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Could the key to managing stress be within you all along?

A big pitch, dealing with conflict in your team, planning for the year ahead, fitting in social plans, finding 15 minutes to grab some lunch... being a leader can be tough and juggling mountains of priorities can lead to overwhelm.

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So how do you deal with it? Is it a battle to keep your fight or flight instinct under control? Do you feel on constant high alert?

When we’re in a loop of chronic high stress we get waves of adrenaline and cortisol rushing through our bodies and over a sustained period of time it can lead to anxiety, depression, gut problems and chronic pain.

You probably know that when you’re under stress you don’t perform at our best. But how aware are you of the potential of your nervous system to help you deal with that stress?

The impact of the vagus nerve system

The vagus nerve is incredibly powerful and can become a key part of our stress management tool kit.

The vagal system runs from around the diaphragm to the brain stem and crosses over nerves in the lungs, neck, throat, and eye.

It’s a system that counterbalances the fight or flight system and can trigger relaxation. By understanding how we can stimulate and reset this nerve we can learn to handle stress more efficiently and become more resilient to conflict and uncertainty.

How to get the vagus nerve working for you

Wouldn’t it be great if the next time you’re under pressure you could re-centre yourself with ease? Or even better if you could achieve an ongoing equilibrium that meant you didn’t ever reach that pressure cooking feeling?

The great thing about the vagus nerve is the number of simple ways you can learn to stimulate it to increase your sense of calm, lucidity, and ability to deal with challenging situations.

Try these simple activities to get to know your vagus system:

Acknowledge how your body feels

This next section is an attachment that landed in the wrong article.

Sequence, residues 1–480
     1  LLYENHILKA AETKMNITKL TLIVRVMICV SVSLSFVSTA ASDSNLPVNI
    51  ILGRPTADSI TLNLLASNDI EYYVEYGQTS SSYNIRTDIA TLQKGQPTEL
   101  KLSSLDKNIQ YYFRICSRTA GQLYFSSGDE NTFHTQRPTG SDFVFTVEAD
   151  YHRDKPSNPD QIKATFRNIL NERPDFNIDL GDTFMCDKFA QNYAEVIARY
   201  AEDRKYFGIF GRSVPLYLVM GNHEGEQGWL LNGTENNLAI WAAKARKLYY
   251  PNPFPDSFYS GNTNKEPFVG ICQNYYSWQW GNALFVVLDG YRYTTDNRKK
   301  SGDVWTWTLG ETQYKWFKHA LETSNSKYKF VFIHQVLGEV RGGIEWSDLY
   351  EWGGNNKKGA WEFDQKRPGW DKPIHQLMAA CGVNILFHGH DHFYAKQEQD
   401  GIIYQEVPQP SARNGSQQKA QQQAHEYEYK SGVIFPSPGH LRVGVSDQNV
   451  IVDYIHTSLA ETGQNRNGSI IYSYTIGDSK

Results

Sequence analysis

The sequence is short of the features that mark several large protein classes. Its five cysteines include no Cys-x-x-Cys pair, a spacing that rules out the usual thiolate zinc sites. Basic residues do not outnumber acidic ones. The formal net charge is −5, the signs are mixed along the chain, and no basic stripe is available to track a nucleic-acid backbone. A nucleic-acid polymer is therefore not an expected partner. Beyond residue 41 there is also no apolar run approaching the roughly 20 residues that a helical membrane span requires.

When was the last time you took a step back and thought about how your body really feels? Being aware of how you feel when you’re stressed and when you’re calm will help you recognise when you need to take action. Try and pay attention to the sensations you feel to get an understanding of your body’s ‘baseline’. Changes in your stance, if you feel tense in certain areas, or habitual movements for example.

Focus on your breathing

A key way to focus and stimulate the vagus nerve is through your breathing. There’s a reason a commentator at a big game will say ‘the crowd are holding their breath’, when we anticipate stress most of us will instinctively hold our breath, it’s part of the fight or flight response, but it usually makes us feel more anxious, fearful, and on edge.

Through deep, slow breathing you can shift the focus away from stress, anxiety, and even pain. To practice deep breathing:

  • Inhale through your nose and exhale through your mouth
  • Focus on slowing your breathing down – a guide is six breaths per minute
  • Concentrate on breathing from your stomach – try to widen your ribcage and belly as you inhale
  • Exhale for a couple of seconds longer than you inhale

Activate the connection from your gut to your brain

Many people find physical activation of the vagus nerve by tapping different areas of the abdomen helpful. This video is a great introduction to this technique: https://www.youtube.com/watch?v=zUx5kLFyx-M

Immerse your face in cold water

Not one for the faint-hearted, or just before a big presentation, but immersing your face from your forehead to about halfway down your cheeks can stimulate the vagus nerve, decrease heart rate, and help to switch on your immune system.

Laugh out loud

There is truth in laughter being the best medicine. It’s a simple activity but a good, genuine laugh can stimulate the vagus nerve and lift your mood.

Make it a habit

As with many of the things that help us the most, learning to harness the power of your vagus system takes a bit of practice, but it’s an incredible tool to have in your locker. The ability to slow things down when you’re under the pressure, the capacity to take a step back when you’re facing overwhelm, it will help you make better decisions and lead your team with renewed focus and drive.